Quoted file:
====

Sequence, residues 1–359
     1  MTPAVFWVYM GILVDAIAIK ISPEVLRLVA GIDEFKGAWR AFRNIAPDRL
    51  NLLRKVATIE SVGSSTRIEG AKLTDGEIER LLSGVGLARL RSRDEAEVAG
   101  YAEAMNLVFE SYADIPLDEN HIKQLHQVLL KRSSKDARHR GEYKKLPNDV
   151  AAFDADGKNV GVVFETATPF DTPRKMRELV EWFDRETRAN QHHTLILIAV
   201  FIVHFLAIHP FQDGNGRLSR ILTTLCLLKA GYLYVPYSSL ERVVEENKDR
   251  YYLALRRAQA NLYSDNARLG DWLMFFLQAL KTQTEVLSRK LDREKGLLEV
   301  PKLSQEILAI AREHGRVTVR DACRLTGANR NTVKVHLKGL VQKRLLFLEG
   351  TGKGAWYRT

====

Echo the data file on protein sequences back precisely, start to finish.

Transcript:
Sequence, residues 1–359
     1  MTPAVFWVYM GILVDAIAIK ISPEVLRLVA GIDEFKGAWR AFRNIAPDRL
    51  NLLRKVATIE SVGSSTRIEG AKLTDGEIER LLSGVGLARL RSRDEAEVAG
   101  YAEAMNLVFE SYADIPLDEN HIKQLHQVLL KRSSKDARHR GEYKKLPNDV
   151  AAFDADGKNV GVVFETATPF DTPRKMRELV EWFDRETRAN QHHTLILIAV
   201  FIVHFLAIHP FQDGNGRLSR ILTTLCLLKA GYLYVPYSSL ERVVEENKDR
   251  YYLALRRAQA NLYSDNARLG DWLMFFLQAL KTQTEVLSRK LDREKGLLEV
   301  PKLSQEILAI AREHGRVTVR DACRLTGANR NTVKVHLKGL VQKRLLFLEG
   351  TGKGAWYRT